TOPEKA, Kan. (AP) _ Kansas House members have given first-round approval to a bill aimed at protecting people, groups and businesses that cite religious reasons for refusing to provide goods or services for gay weddings.
The vote Tuesday was 72-42. The measure advanced even though critics claimed the bill would encourage widespread discrimination against gays and lesbians.
The House plans to take final action on the bill Wednesday, and it's likely to pass.
The bill bars government sanctions for refusing to recognize a marriage or civil union, or to provide goods or services to a couple. Anti-discrimination lawsuits also would be barred.
Critics have zeroed in on limited protections in the bill for individual workers and government employees even if their employers want to provide goods and services to gay couples.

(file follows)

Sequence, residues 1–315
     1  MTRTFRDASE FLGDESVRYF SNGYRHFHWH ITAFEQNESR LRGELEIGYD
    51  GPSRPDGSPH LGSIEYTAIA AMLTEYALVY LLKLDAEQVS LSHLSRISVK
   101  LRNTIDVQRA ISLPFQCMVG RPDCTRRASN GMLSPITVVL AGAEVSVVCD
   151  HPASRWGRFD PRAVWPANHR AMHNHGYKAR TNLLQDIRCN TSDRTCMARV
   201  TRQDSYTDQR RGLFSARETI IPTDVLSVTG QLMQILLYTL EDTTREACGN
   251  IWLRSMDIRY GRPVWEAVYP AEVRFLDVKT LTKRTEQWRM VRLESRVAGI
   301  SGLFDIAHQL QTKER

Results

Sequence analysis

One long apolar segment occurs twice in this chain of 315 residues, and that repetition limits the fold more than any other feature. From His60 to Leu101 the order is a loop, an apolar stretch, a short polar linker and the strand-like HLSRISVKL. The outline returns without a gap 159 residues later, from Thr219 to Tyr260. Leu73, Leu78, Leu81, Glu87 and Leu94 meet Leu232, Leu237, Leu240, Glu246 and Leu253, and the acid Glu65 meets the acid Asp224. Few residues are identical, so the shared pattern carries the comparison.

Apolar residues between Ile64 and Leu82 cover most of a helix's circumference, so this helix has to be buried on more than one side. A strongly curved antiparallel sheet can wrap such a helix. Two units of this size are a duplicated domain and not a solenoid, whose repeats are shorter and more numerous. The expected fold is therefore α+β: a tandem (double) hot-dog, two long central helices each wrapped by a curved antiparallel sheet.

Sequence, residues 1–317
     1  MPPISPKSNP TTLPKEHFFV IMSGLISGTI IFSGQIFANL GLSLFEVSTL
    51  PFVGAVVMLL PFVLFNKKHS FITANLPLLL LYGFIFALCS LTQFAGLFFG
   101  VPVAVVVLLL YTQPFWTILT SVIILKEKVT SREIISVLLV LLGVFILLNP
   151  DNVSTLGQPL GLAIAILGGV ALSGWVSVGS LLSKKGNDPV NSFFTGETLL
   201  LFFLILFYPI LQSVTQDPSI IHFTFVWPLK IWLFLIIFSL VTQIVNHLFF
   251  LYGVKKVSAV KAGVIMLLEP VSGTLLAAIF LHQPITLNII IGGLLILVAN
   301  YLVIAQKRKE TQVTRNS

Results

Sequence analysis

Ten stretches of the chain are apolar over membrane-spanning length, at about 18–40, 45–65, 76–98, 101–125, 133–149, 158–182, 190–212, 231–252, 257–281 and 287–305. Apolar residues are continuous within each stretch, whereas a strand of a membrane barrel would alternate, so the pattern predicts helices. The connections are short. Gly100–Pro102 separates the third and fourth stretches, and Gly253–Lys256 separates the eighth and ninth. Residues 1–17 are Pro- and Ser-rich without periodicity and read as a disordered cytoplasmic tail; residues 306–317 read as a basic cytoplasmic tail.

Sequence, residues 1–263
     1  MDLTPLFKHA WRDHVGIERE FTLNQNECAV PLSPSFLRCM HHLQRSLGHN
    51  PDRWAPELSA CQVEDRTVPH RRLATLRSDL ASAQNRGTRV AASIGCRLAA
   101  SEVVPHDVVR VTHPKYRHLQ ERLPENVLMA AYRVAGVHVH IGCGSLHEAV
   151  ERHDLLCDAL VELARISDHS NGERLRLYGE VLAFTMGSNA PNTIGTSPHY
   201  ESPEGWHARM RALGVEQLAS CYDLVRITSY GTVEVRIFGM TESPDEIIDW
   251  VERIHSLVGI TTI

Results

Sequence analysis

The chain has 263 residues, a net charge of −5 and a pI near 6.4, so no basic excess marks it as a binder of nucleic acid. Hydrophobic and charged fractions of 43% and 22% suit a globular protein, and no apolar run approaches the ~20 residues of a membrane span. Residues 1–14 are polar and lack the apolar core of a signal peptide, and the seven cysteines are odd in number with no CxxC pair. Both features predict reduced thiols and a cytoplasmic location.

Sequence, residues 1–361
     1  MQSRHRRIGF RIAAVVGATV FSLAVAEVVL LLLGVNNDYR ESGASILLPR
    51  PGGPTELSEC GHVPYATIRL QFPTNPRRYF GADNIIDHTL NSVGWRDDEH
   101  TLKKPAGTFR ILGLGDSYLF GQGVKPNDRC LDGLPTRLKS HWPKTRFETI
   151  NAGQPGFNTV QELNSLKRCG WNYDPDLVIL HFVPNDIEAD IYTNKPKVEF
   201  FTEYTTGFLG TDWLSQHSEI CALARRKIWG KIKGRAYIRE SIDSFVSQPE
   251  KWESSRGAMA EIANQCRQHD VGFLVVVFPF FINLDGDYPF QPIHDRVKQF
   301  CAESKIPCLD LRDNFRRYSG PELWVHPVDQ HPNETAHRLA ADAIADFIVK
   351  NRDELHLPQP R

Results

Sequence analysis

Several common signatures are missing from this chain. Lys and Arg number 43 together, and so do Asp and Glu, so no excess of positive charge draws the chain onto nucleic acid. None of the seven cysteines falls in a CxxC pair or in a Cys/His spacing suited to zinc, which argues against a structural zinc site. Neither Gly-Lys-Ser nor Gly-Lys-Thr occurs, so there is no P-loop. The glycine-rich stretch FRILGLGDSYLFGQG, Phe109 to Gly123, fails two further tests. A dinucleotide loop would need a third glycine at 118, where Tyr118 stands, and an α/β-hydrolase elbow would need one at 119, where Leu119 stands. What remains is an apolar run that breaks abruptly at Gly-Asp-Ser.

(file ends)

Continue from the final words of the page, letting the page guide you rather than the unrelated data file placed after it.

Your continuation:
Supporters of the bill on the House's agenda Tuesday describe it as a religious freedom measure. Opponents contend it will encourage discrimination against gays and lesbians.
The bill would bar government sanctions when individuals, groups and businesses cite religious beliefs in refusing to recognize a marriage or civil union, or to provide goods, services, accommodations or employment benefits to a couple. Anti-discrimination lawsuits also would be barred.